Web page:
The sale of a police headquarters was cancelled because it "did not represent value for money", a Conservative police and crime commissioner (PCC) says.
A report from the office of Northamptonshire PCC Stephen Mold criticised plans by his predecessor Adam Simmonds to sell Wootton Hall.
Mr Simmonds valued the site at £3.45m, but Mr Mold said it had been consistently valued at more than £7m.
The BBC has approached Mr Simmonds, also a Conservative, for a comment.
Mr Simmonds, who was the county's first PCC between 2012 until 2016, argued Wootton Hall was not fit-for-purpose and that selling it would save £40m over 25 years.
The decision to sell the building was signed-off on his final day in office.
The land was acquired by the Education Funding Agency, with a view to it being used for Wootton Park School - a state-funded free school offering a specialised policing and public service-focused curriculum.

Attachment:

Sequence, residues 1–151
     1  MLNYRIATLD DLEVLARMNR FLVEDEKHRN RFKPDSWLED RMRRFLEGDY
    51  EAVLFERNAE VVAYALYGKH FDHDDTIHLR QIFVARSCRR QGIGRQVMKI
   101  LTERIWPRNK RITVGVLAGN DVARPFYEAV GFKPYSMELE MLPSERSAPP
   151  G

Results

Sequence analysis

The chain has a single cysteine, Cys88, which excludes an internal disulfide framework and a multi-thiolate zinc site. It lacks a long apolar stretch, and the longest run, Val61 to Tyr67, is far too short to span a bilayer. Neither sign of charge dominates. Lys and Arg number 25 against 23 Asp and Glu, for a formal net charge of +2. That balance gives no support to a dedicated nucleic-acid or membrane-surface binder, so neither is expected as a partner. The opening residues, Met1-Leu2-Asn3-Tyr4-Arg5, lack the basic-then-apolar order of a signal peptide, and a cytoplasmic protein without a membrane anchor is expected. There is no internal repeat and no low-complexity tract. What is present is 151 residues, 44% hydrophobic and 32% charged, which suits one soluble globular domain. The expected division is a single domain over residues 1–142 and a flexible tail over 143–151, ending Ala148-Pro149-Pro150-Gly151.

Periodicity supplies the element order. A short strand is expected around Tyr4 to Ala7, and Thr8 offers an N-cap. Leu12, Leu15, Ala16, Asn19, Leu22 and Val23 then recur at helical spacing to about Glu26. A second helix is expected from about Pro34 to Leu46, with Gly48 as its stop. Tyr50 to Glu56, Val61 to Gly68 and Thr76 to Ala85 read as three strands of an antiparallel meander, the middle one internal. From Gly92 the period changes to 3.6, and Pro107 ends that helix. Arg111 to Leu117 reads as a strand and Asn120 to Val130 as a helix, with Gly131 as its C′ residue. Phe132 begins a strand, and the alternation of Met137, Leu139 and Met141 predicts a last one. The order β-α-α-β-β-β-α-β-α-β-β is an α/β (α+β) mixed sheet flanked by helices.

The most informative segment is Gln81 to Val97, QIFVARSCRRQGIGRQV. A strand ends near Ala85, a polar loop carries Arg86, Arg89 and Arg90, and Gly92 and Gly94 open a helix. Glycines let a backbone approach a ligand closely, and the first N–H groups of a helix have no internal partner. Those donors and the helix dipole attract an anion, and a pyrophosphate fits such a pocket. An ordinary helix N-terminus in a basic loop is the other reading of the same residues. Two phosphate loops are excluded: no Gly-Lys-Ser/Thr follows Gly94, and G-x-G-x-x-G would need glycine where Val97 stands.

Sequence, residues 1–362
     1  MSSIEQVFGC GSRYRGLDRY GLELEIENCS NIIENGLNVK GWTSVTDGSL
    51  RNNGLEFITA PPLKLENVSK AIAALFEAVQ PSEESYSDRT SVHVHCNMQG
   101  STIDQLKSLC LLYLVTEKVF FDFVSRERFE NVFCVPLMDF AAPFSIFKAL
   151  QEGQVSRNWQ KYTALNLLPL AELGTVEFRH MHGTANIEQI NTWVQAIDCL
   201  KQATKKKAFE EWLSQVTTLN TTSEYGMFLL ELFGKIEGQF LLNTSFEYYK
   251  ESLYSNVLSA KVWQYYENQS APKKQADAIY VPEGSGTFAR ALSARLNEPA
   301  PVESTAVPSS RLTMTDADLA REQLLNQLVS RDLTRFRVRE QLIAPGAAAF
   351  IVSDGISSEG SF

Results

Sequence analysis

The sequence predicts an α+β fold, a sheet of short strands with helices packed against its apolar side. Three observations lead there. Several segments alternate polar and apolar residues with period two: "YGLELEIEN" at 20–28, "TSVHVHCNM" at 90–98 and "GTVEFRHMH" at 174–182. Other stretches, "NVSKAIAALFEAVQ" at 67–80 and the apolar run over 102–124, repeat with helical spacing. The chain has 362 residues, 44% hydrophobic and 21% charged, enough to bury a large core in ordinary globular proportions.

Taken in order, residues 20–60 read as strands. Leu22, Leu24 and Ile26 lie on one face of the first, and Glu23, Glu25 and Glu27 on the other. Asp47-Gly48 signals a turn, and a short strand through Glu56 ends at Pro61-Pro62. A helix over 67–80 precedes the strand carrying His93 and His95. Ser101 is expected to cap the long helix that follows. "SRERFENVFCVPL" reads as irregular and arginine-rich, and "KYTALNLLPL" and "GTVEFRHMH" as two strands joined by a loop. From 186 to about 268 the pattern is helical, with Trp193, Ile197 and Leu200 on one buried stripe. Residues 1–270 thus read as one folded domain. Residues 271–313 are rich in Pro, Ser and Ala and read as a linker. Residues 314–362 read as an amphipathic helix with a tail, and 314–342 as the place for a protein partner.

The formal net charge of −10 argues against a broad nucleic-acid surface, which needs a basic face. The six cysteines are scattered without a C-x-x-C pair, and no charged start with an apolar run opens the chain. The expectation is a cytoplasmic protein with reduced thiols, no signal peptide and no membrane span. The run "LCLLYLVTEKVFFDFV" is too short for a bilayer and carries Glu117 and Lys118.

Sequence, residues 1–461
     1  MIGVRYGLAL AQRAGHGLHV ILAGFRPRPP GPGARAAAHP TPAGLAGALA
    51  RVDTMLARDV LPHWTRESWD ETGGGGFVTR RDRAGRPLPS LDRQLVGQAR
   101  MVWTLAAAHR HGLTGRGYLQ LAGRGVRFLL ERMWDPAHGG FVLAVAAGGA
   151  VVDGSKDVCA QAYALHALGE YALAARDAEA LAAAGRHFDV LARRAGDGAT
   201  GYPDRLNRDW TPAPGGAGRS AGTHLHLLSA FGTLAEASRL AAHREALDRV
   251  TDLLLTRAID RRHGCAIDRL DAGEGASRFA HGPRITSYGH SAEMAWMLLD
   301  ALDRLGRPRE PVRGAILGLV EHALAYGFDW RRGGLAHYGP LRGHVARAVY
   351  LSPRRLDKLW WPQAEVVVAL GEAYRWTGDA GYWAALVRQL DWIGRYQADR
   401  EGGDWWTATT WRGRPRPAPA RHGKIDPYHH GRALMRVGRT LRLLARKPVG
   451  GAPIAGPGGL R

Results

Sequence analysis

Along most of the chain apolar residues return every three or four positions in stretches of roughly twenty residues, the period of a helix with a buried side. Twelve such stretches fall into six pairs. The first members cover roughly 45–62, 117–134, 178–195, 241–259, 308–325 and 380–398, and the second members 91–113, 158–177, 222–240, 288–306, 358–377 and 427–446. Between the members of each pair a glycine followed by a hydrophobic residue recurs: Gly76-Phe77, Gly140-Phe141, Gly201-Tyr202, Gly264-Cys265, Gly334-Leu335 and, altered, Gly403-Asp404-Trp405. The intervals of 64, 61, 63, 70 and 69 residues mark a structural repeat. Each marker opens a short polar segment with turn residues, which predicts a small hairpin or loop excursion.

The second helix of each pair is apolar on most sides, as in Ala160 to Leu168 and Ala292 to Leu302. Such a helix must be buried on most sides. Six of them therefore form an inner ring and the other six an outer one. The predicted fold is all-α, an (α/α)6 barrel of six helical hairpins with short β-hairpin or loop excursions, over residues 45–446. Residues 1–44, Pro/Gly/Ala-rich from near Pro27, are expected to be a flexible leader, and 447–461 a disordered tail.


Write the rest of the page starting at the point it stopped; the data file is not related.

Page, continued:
However, the terms of the deal were revised less than a year later by Mr Mold, although a section of the site - previously occupied by flats - was eventually sold for £2.85m to accommodate the school, which opened in 2016.
In a report published by the Office of the PCC, auditor KPMG said Mr Simmonds' plans were not supported by a detailed business case and had not been fully costed.
Mr Mold said he was "concerned" that "the operational impact on policing" from selling Wootton Hall "had not been fully understood or planned for, nor sufficient arrangements put in place for the relocation of police headquarters".
He said: "It was also clear to me that the sale did not represent value-for-money, either for the force or taxpayers."
Mr Mold said a new plan would see the site redeveloped as a joint police and fire headquarters.